by Jennifer Best. Originally published in The Fresno Bee.
If you visit the Fresno Chaffee Zoo, you may see three elephants, standing in a yard scattered with rocks and logs. Two of the elephants, Nolwazi and her daughter Amahle, are pregnant. Mabu, transported to the zoo last year, is the father. The truth is, you’re not seeing the true nature of elephants at this or any zoo. You’re seeing pawn pieces, moved from zoo to zoo for one reason — to maximize breeding opportunities so additional captive elephants are born, trapping them in an endless and crushing cycle that does nothing to save their wild-born counterparts.
That’s why on Aug. 30, Friends of Animals filed an amicus curiae (“friend of the court”) brief in a lawsuit brought by the Nonhuman Rights Project that seeks the elephants’ right to liberty and release to an accredited elephant sanctuary.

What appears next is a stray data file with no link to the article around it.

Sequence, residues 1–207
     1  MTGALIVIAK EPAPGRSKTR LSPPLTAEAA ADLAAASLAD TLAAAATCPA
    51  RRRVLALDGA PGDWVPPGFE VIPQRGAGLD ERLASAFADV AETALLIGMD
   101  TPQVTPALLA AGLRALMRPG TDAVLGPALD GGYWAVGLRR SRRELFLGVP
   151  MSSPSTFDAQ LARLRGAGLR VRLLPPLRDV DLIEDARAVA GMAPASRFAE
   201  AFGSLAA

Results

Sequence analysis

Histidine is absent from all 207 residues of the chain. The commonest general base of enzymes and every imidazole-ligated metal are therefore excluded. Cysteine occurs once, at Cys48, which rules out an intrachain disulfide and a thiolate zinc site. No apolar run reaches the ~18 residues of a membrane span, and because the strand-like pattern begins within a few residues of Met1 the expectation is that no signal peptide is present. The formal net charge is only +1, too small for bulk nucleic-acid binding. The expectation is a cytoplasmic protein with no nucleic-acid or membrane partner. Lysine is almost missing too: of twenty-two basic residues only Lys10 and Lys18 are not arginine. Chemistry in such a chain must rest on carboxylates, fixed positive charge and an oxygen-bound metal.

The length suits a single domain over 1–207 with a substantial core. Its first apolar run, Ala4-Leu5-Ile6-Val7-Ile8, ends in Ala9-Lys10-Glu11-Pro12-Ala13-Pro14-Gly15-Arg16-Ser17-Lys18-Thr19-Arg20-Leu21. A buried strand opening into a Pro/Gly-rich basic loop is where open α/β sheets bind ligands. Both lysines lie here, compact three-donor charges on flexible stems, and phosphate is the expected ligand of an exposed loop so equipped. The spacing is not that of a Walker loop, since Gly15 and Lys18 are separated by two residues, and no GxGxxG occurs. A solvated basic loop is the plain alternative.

The case is the first of its kind in California, and the elephants desperately need this relief. Friends of Animals has a deep history with Nolwazi and Amahle. They were born in the wild in what was then Swaziland (now Eswatini). Three U.S. zoos, with the cooperation of Swaziland’s Big Game Parks and with the approval of the U.S. Fish and Wildlife Service, took these two elephants, along with 15 other African elephants born in the wild.